The authorities’ foremost concern lies in the rapid spread of foreign information through the market. As North Koreans’ preference for products from South Korea and Japan increases, so does their interest in these two countries. Many defectors say that a countless number of foreign VCDs have been circulated among people through the market.

In addition, the state has lost authority as more people relied on the market and became self-sufficient and individualistic. Prevalent corruption has also undermined its authority.

Lastly, illegal activities have increased so much that they are threatening public security. In fact, the North Korean people nowadays would do anything to make money.

For instance, many party cadres, hospital workers and Red-Cross personnel are stealing aid supplies sent by the United Nations and advanced countries, and army personnel are selling military provisions including rice in the market. Furthermore, many violent crime incidents and lootings are taking place in the areas not under the government control.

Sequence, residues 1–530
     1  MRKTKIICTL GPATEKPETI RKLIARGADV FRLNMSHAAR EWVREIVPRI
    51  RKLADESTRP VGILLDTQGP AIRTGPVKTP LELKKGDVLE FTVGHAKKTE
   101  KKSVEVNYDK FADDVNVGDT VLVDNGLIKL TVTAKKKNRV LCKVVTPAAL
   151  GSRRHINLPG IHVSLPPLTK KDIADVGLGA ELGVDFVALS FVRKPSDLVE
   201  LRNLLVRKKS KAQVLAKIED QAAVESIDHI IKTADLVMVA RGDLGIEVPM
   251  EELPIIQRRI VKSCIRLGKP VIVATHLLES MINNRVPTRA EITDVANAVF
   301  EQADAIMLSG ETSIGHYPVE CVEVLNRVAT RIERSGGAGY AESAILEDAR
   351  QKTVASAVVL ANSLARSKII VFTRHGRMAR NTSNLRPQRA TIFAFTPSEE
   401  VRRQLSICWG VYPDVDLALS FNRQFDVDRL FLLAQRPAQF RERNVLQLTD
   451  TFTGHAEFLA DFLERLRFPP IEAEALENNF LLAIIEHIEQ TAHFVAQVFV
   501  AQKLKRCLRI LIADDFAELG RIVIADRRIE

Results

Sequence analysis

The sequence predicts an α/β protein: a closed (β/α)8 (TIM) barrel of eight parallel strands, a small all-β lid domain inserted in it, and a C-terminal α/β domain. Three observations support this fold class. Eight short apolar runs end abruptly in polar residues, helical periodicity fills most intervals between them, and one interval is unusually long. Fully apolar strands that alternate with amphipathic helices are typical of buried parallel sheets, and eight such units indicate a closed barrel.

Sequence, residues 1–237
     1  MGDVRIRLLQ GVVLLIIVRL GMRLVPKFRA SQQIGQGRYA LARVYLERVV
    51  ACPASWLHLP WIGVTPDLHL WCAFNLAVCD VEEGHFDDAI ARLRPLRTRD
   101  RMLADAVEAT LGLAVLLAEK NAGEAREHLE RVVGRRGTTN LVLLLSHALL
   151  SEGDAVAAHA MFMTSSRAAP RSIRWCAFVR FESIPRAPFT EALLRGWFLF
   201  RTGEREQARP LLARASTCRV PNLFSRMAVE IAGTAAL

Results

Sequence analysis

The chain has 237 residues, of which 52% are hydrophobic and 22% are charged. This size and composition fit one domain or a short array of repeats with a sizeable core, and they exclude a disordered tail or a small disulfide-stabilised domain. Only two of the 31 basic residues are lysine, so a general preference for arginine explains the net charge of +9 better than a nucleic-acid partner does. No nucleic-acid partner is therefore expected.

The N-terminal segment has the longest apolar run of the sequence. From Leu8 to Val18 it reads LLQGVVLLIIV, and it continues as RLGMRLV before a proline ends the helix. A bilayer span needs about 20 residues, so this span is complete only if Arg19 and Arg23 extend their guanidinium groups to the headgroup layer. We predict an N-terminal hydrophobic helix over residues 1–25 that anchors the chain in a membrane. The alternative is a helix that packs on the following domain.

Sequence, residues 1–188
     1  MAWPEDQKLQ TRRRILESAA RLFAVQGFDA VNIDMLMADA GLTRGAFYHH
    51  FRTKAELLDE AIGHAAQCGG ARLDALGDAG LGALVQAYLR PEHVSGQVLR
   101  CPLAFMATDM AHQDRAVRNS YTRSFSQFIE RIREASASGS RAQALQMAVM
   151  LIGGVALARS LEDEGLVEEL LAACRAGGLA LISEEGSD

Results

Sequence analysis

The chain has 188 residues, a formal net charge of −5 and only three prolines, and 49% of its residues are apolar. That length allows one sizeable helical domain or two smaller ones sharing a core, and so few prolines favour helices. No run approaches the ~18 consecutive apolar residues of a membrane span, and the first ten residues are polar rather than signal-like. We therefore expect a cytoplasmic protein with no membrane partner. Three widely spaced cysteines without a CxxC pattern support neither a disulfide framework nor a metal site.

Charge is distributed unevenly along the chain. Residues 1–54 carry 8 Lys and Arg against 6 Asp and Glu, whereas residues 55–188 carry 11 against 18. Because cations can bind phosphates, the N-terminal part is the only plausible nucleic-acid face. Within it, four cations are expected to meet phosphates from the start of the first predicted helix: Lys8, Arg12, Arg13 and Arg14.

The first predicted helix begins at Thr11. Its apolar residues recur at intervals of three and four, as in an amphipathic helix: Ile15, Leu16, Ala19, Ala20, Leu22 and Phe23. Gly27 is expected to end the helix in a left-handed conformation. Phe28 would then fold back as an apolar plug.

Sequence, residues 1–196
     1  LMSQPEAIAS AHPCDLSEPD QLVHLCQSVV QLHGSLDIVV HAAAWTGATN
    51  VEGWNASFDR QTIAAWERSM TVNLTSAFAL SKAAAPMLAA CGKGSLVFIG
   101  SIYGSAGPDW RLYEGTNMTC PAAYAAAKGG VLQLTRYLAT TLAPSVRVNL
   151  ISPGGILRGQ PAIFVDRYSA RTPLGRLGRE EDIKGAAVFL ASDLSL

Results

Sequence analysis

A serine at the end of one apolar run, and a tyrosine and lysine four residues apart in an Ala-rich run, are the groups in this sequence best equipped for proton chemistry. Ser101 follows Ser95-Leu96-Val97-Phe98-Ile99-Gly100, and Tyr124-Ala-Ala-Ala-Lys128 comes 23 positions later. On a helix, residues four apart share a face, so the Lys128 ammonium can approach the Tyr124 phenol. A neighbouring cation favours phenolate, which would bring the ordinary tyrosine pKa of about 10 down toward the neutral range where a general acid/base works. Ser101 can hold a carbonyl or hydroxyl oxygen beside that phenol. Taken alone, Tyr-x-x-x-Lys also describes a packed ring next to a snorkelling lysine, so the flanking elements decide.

“The army and gangsters are savagely looting the market” says a woman in her 50s says recalling her visit to Hwanghae Province prior to coming to Dangdong, China.

◆ The impact of adopting market regulatory measures

The growth of the market will likely deepen the crisis of the Kim regime. Any measure designed to restrict the market would backfire among people.

Since the second half of the year, the North Korean authorities have been promoting market regulatory measures in the hope of protecting the regime. Some have raised a possibility that the North might try to restore its public distribution system using international aid. However, unless the North continues to open its door, the country would never secure an amount of food enough to run the distribution system again.

“Kim Jong Il is aware of the importance of the market for people’s survival, so he tacitly approves its existence. However, when he feels that capitalism is spreading too quickly, he would try to control it.” says Gao Jingzhu, professor of Korean studies at Yanbian University.


Koreas to run cross-border freight train everyday from Dec. 11

Thursday, November 22nd, 2007